Having gained extensive military experience during the French and Indian War, Virginian Adam Stephen quickly rose through the ranks of the Continental Army officer corps to become one of the earliest promoted major generals. Stephen ably commanded troops in the early days in Virginia under Maj. Gen. Charles Lee. Together, they forced British Governor Lord Dunmore to flee to British Navy ships and prevented a loyalist insurgency. Next, Congress ordered Stephen to join Washington’s army as it retreated through New Jersey after the disastrous New York City campaign.
At the subsequent battle of Trenton is where things started to unravel for Stephen. The night before the sneak attack, a patrol from Stephen’s regiment attacked Hessian pickets probably in retaliation for an earlier Hessian attack. When Washington found out, he exclaimed, “You sir, may have ruined all my plans.”[i] In reality, Stephen’s uncoordinated action had the opposite effect because when the Hessian commander heard reports of Washington’s main army, he dismissed them as being associated with Stephen’s skirmishing.
Not the first harsh encounter, there were several earlier episodes of enmity between Washington and Stephen. Prior to the Revolution, Washington questioned Stephen’s military capabilities and personal courage on several occasions. In addition, Stephen challenged Washington for a seat in Virginia’s House of Burgess. Washington, won, but was piqued and had a long memory.
At the next Revolutionary battle, Brandywine, Stephen acquitted himself as well as any officer in an overwhelming rebel defeat. However, before and after the battle, Stephen vociferously expressed his opinions in councils of war, many times in conflict with Washington’s views. In addition, he rubbed some of his fellow officers the wrong way with his straightforward talk and strong opinions.
It was at Germantown, where things finally unraveled for Stephen. An overly complex rebel attack utterly failed leading to another disastrous loss for Washington. Particularly galling, was a deadly friendly fire incident between Anthony Wayne and Stephen’s regiments. The after action report blamed Stephen. Furthermore, it cited Stephen as drunk and not being able to execute his command duties.
Washington relieved Stephen of command and ordered a court martial. Under the direction of Maj. Gen. John Sullivan, a twelve-man court sat in judgment. After extensive testimony, the court found him guilty and recommended dismissal from the army. Washington and Congress affirmed the sentence and Stephen’s military carrier ended.
One would think that it was an open and shut case. Drunk on the battlefield, Stephen was not able to control his troops leading to a friendly fire debacle and a headlong disorderly retreat leading to a horrendous Patriot loss. However, the case is not as open and shut as it first appears. Harry Ward, Stephen’s most comprehensive biographer, states “There is no evidence that Stephen was drunk at the battle of Brandywine to the extent he was unable to perform his duties.”[ii]
Furthermore the rationale for Stephen’s dismissal was vague and lack specificity. The court cashiered Stephen for unofficerlike behavior during the retreat from Germantown and frequent intoxication to the prejudice of good order and military discipline. His chief accuser, Colonel Charles Scott, had a motive of covering up his own performance errors during the Germantown battle. Interestingly, Scott was also Charles Lee’s chief accuser, the only other Continental Army general to be dismissed from the army. Ironically, Washington later passed over Scott for command duties during the 1790 Native American wars due to reports of drunkenness.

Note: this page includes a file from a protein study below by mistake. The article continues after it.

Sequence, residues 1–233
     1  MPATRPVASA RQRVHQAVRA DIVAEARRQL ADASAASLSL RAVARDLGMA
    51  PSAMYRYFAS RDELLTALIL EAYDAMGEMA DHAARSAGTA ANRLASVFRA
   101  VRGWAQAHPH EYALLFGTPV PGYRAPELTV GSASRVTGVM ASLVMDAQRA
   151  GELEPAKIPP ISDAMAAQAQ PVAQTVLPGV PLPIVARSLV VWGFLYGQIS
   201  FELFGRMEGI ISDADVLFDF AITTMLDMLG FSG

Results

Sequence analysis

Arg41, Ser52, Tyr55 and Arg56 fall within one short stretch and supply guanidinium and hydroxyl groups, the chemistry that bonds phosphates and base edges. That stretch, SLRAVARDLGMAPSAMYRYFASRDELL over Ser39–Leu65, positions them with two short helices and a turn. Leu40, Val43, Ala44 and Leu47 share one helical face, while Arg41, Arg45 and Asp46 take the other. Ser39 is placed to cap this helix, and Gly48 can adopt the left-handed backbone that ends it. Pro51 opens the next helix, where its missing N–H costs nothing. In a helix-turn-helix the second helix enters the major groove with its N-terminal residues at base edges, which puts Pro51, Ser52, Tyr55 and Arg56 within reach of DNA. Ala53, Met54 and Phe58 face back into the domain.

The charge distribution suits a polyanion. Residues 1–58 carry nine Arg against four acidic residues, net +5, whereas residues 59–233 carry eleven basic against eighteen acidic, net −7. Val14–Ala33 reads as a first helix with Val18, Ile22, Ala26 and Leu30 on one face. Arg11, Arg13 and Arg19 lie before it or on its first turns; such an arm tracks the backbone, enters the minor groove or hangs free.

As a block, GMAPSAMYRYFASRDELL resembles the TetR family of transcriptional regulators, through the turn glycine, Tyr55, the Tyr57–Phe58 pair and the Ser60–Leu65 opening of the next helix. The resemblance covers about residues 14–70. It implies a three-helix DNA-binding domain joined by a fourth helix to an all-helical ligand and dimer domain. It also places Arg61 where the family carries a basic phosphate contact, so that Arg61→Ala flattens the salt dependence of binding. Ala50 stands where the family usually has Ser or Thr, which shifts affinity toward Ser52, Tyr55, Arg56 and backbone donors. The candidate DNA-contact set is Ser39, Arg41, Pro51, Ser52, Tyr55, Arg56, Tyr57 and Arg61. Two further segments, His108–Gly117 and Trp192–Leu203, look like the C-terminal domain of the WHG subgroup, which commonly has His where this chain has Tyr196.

To further stir the kettle, Washington replaced Stephen with Marquis de Lafayette who was a friend, a staunch advocate and sure vote in any council of war. While Stephen was a hard drinker (so was the likeable Lord Sterling), he did not mesh with his fellow officers and was not as gifted of a large unit battlefield commander as others. However, in similar situations, generals such as Robert Howe or William Heath were treated differently and relegated to low risk commands. It seems that Stephen’s challenges to Washington’s military judgment and past experiences were the differentiating factors. After 1777, those who lined up behind Washington were rewarded and those who did not were dismissed or downgraded to unimportant commands.
To Stephen’s credit, he kept his head high and went onto establish several productive businesses and to achieve a successful political career. Stephen founded Martinsburg, Virginia (now West Virginia) and operated an armaments factory and several other businesses. He represented his county at the Virginia Constitutional Convention and heartily advocated for the ratification of the new Federal Constitution.
In the end, Adam Stephen was probably treated unduly harshly. However, in 1777 when Washington’s leadership was in doubt, Stephen was sacrificed to better align the officer corps and Congress behind Washington’s leadership. As an early and committed patriot, Stephens contributions not just his limitations should be recognized. For more information on his life, there is only one full-length biography written by Professor Harry Ward. Thoroughly researched and even handed, I highly recommend Ward’s book.
Ward, Harry M. Major General Adam Stephen and the Cause of American Liberty. Charlottesville: University Press of Virginia, 1989.
[i] Harry M. Ward, Between the Lines: Banditti of the American Revolution, Studies in Military History and International Affairs (Westport, Conn: Praeger, 2002), 151.
[ii] Harry M Ward, Major General Adam Stephen and the Cause of American Liberty (Charlottesville: University Press of Virginia, 1989), 192.